Visiting Morocco During Ramadan

Visiting Morocco During Ramadan

Ramadan is the month-long Islamic holiday celebrated each year. The Islamic calendar follows a lunar pattern so every year Ramadan moves 10 days forward on the Gregorian calendar each year. This year, Ramadan falls largely through the month of March and will end in the middle of April. This is usually a high season for travelers visiting Morocco.

While some people balk at visiting during Ramadan, anticipating problems or inconveniences, there’s no reason to put aside your plans. In fact, for the culturally curious, Ramadan might just be the best time of year to visit! However, before you begin your trip, it is important to know a few things about Ramadan. Here are a few things that will likely affect your visit, hopefully for the better! (more…)

UNESCO World Heritage Sites in Morocco

UNESCO World Heritage Sites in Morocco

Morocco is home to an impressive 9 UNESCO World Heritage Sites! These sites are dotted throughout the country, from expected places like Marrakesh and Fez, to Tetouan, a relatively untouristed northern city, and on to the desert lands of the Sahara. If you are a lover of history and culture, it makes a lot of sense to use these sites as pillars or totems for your own tour of Morocco.

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Street Food in Morocco: What You Can Eat on the Street Around the Country

Street Food in Morocco: What You Can Eat on the Street Around the Country

Morocco is a country that offers visitors an authentic culinary experience, where they can taste the richness of the country’s history and culture. A great way to explore the local food scene is to hit the streets and indulge in the vast array of street food. Street food is an integral part of the Moroccan culinary scene, where locals and tourists alike can enjoy a variety of delicious and affordable dishes. The smell of freshly baked bread, the sizzling of spices, and the aroma of charcoal-grilled meats waft through the air, inviting you to try the delicacies on offer.

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Christmas in Morocco: 3 Hidden Destinations

Christmas in Morocco: 3 Hidden Destinations

If you’re looking to get away when the temperature plummets and the snow starts falling from above, why not consider spending Christmas in Morocco? While many travelers from the Northern Hemisphere initially consider a European destination for their winter holidays, a multitude of savvy travelers are choosing to spend their holiday in Morocco. With it’s sunny skies, colorful allure, and variety of cultures and landscapes, Morocco is becoming one of the most sought-after destinations for travelers looking for some winter warmth. (more…)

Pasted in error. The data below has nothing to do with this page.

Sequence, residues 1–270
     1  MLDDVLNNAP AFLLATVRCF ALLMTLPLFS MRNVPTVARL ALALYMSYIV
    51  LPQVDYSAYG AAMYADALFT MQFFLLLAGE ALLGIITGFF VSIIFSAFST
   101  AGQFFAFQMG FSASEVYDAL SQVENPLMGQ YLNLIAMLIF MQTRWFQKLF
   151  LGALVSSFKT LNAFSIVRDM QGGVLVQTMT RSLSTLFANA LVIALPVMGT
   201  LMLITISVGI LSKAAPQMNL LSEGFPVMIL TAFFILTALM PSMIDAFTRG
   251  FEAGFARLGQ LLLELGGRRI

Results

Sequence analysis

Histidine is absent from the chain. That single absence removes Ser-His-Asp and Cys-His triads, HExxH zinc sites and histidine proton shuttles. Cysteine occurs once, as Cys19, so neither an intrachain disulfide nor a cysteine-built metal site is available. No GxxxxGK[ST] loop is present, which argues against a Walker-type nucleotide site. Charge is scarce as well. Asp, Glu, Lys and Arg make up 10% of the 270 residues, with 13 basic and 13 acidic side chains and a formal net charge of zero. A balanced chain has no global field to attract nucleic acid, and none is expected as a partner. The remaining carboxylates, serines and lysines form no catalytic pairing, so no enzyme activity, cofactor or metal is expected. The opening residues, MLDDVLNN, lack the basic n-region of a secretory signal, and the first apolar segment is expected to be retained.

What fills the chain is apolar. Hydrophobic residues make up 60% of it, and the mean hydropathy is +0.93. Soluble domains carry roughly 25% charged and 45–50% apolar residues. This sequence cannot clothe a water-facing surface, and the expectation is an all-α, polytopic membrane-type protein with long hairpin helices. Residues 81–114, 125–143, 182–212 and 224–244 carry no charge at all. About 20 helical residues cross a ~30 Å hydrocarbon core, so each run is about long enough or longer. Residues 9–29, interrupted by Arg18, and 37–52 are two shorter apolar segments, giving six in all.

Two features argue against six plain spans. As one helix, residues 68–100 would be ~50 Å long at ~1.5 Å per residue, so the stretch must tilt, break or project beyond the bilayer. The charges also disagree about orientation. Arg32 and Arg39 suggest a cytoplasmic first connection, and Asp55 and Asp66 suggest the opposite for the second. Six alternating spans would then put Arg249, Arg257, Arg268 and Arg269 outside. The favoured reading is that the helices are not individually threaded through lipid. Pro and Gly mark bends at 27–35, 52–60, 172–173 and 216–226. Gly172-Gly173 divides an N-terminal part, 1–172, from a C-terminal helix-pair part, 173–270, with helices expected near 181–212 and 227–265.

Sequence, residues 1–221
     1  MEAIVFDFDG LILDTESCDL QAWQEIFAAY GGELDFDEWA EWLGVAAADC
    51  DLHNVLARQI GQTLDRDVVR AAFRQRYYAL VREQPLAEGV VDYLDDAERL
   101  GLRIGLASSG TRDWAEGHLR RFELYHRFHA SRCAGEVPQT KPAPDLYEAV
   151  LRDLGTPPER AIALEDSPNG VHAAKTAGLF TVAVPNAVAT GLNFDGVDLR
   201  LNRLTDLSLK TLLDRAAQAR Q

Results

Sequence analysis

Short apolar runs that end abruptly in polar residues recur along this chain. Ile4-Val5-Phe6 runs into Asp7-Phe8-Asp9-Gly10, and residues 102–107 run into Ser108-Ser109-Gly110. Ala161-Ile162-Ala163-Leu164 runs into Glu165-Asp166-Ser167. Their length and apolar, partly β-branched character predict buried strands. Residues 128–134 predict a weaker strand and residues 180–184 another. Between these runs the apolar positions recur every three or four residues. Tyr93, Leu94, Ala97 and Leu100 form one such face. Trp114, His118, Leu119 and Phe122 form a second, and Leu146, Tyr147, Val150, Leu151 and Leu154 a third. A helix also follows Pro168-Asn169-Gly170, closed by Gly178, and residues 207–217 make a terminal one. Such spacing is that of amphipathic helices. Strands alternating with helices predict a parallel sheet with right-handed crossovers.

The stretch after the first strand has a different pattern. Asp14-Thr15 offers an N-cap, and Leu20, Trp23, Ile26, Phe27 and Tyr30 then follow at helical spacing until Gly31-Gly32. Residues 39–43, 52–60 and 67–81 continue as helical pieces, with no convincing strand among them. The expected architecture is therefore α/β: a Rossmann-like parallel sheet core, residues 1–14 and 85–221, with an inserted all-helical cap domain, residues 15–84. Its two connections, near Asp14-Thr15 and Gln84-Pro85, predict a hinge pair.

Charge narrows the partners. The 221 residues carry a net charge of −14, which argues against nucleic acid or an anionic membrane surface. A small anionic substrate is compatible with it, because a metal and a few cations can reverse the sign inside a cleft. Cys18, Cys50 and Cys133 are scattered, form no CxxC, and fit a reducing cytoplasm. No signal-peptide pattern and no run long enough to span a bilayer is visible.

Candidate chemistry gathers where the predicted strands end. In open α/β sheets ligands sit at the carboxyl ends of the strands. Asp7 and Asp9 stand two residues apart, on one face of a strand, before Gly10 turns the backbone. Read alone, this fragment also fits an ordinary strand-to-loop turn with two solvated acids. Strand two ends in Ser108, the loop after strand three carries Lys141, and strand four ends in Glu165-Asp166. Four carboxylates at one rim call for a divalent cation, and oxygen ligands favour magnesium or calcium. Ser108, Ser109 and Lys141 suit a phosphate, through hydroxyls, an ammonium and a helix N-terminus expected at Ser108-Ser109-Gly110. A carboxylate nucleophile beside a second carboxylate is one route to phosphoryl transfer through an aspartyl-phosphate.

Gay Travel in Morocco: An Overview

Gay Travel in Morocco: An Overview

When the LGBTQ+ communities were being persecuted in Europe, centers in Morocco like Tangier and Marrakesh were seen as safe spaces. Not only are they wonderful destinations in their own right, but the local populations have a sort of worldly ‘been there, seen that’ attitude of acceptance. In many ways, this remains true even today.

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Everything You Need to Know About Visiting the Sahara Desert

Everything You Need to Know About Visiting the Sahara Desert

There are very few places on Earth that compare to the incredible landscapes you’ll see visiting the Sahara Desert. Running roughly north-south along Morocco’s eastern border with neighboring Algeria, the Sahara Desert is the world’s largest hot desert. In fact, the Sahara covers an area roughly the size of the entire United States. Many travelers visit Morocco specifically with the intention of venturing off into the desert and spending a night under the stars. And we can’t blame them! A desert adventure is a once-in-a-lifetime opportunity you shouldn’t miss out on. (more…)

A Walk Through the Secret Garden of Marrakesh

A Walk Through the Secret Garden of Marrakesh

The historic old medina of Marrakesh can be overwhelming. The hot Moroccan sun beats down while vendors callout at passersby, hoping for a quick sale. Clanging metal rings out from the ironmongers souk. In the Jemma el Fnaa, the Gnawa rhythm of drums and shrill flute of the snake charmers break through the din. Scooters rip through it all, quickly zigzag through the crowds. It’s no wonder that The Secret Garden of Marrakesh comes as such a reprieve! (more…)

Three Days in Marrakesh: Where To Eat, What To Do and Where To Go

Three Days in Marrakesh: Where To Eat, What To Do and Where To Go